[bitcoin-dev] Bitcoin dev IRC meeting in layman's terms

G1lius Caesar g1liusbitcoin at gmail.com
Mon Oct 5 09:16:14 UTC 2015

As per request of Luke-jr I'm sending a copy of my post on reddit
to the mailing list.

This was intended to be a simple explanation of the weekly dev meeting for
people to understand what you guys are working on, not as a summary for
other devs.
However, if this is in any way, shape or form useful for the mailing-list
I'll gladly post a copy of this every week (or a modified version of it).

Any comments, suggestions, etc. are welcome.
Mail me at G1liusbitcoin at gmail.com
Tweet me @G1lius

If you are to skim through this, skip "background" as you likely already
know this.

Please bare in mind I'm not a developer and I'd have problems coding "hello
world!", so some things might be incorrect or plain wrong.
Like any other write-up it likely contains personal biases, although I try
to stay as neutral as I can.

The full IRC-logs can be found here

There are no decisions being made in these meetings, so if I say "everyone
agrees" this means everyone present in the meeting, that's not consensus,
but since a fair amount of devs are present it's a good representation.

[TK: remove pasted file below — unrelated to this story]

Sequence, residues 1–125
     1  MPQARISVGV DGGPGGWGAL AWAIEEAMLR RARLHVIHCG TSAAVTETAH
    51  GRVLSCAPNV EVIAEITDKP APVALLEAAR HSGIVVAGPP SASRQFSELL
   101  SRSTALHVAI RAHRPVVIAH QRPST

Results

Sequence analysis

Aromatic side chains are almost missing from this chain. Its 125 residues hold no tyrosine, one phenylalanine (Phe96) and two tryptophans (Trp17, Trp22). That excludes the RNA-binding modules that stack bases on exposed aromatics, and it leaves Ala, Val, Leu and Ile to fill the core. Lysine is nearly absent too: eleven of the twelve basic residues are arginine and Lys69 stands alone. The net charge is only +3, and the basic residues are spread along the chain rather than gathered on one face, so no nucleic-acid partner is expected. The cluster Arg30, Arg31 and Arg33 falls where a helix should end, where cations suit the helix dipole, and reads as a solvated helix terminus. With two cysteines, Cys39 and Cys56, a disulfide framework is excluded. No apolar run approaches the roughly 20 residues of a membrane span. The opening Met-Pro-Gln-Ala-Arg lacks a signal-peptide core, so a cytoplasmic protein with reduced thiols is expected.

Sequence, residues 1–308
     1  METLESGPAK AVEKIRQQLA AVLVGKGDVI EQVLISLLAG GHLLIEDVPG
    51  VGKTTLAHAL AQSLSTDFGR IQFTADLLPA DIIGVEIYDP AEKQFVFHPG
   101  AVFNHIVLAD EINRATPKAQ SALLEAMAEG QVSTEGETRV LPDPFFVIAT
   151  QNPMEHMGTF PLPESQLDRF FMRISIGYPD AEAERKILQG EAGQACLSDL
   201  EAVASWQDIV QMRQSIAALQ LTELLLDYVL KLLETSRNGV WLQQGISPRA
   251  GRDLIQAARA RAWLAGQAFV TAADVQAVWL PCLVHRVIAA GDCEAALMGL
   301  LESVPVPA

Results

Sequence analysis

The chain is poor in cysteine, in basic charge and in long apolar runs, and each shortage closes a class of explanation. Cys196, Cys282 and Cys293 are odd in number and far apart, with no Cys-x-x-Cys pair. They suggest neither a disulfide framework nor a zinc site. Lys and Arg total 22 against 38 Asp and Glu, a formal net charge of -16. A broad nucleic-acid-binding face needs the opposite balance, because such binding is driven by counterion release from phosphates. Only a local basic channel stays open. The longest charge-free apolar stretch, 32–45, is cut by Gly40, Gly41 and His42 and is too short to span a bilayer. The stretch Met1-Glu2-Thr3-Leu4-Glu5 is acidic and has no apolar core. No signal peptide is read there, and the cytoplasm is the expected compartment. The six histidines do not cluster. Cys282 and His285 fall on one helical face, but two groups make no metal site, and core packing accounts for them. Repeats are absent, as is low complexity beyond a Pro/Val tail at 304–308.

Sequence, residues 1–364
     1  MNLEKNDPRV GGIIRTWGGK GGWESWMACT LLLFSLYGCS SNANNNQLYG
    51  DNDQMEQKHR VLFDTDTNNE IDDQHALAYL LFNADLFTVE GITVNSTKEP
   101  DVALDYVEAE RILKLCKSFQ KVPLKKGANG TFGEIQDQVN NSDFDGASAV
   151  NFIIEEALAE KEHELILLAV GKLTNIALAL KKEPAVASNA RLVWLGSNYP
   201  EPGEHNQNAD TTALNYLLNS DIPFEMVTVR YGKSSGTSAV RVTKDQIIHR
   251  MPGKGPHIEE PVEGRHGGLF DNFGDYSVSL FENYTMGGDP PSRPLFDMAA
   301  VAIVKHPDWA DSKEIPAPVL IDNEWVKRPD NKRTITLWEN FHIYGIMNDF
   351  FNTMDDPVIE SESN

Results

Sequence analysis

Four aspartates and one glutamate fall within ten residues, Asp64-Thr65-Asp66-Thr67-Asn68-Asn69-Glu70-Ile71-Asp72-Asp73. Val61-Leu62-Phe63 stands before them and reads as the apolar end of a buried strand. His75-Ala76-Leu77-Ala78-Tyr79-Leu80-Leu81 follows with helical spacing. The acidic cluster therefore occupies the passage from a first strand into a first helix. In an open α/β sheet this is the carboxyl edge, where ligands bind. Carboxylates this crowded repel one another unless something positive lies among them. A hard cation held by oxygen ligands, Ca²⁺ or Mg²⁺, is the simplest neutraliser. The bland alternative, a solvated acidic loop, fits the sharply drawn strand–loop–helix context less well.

Main topics discussed where:
Mempool limiting
CLTV soft fork deployment
libconsensus merge time window

**Mempool limiting**

- background

When a transaction is relayed across the network it is held by the nodes in
memory, until it gets into a block. All these transactions that sit in
memory are called the memorypool or mempool for short.
Like we could see during the spam-attack if there's a big back-log of
transactions that couldn't make it in the blockchain this mempool can get
pretty big resulting in nodes crashing.

To stop this from happening devs are trying to find a way to limit this
mempool, so a mechanism to reject and/or remove transactions from the
mempool. The hard part here is to make it so nodes can't be attacked by